in a reduction of the fluid resistance to the valve opening or closing.


Owing to the valve’s design, it achieved both the API 641 certification for quarter-turn valves, and the ISO 15848-1:2015 certification for industrial control valves, during independent testing at Yarmouth Research and Technology, LLC. In the case of API 641 testing, the valve produced average emissions of 6.25 ppmv, easily surpassing the standard of 100 ppmv. For ISO 15848-1, the valve consistently, allowed less than 10 ppmv over the course of 100,000 mechanical cycles.

Valve design performance metrics like these have recently caught the attention of organizations like OGCI, and
led to the $5.5MM USD investment by OGCI in Clarke Valve’s emissions reduction technology in 2018. New
valve designs can reduce the per valve emission of methane by as much as 95%. As oil and gas producers begin to increase the adoption rate of new technologies to replace the millions of globe valves currently in service, it will accelerate the timeline to reach the ambitious fugitive emissions reduction goals established by OGCI and others.

About the Authors

Kyle Daniels, President and CEO, Clarke Valve.
Kyle Daniels is an aerospace engineer and the inventor, chief engineer and head of product design of the Shutter Valve. He holds several patents on the Shutter Valve and is an expert in the field of industrial valves. Mr. Daniels spent his career in the aerospace industry working at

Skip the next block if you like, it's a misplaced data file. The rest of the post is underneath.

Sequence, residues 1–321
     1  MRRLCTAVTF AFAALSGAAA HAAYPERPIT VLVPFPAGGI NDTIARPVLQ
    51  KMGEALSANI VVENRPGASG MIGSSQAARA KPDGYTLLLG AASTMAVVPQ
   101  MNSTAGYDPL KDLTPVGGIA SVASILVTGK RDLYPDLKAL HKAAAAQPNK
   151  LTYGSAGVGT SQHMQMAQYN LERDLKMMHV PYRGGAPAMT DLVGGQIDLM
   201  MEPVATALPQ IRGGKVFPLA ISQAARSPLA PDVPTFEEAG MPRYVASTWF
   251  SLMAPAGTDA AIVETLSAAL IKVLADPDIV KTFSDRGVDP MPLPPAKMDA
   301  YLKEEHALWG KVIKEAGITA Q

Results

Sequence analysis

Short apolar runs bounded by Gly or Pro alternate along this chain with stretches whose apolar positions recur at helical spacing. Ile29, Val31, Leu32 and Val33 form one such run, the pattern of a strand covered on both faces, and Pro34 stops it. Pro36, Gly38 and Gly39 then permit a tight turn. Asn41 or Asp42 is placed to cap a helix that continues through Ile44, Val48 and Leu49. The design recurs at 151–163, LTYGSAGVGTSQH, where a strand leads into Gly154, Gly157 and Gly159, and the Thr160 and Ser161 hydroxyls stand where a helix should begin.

General Electric, Pratt & Whitney, and Embraer Aircraft. He is a graduate of The Ohio State University’s prestigious Aeronautical and Astronautical Engineering program, and also received a master’s degree (magna cum laude) from Brown University’s Program in Innovation Management and Entrepreneurship. Mr. Daniels is from Miami, FL and has resided in Ohio, Connecticut, Rhode Island and Paris, France.

Catherine LeBoeuf, Lead Fluid Dynamics Engineer.
Catherine LeBoeuf is responsible for the Advanced Technology department at Clarke Valve™ and has worked on the development and optimization of new and innovative control valve technology during her time with the organization. Catherine manages all computational fluid dynamics (CFD) simulations for Clarke Valve’s R&D efforts and for customer implementations. She holds a Bachelor of Science degree in Engineering from Brown University with a concentration in Materials Engineering.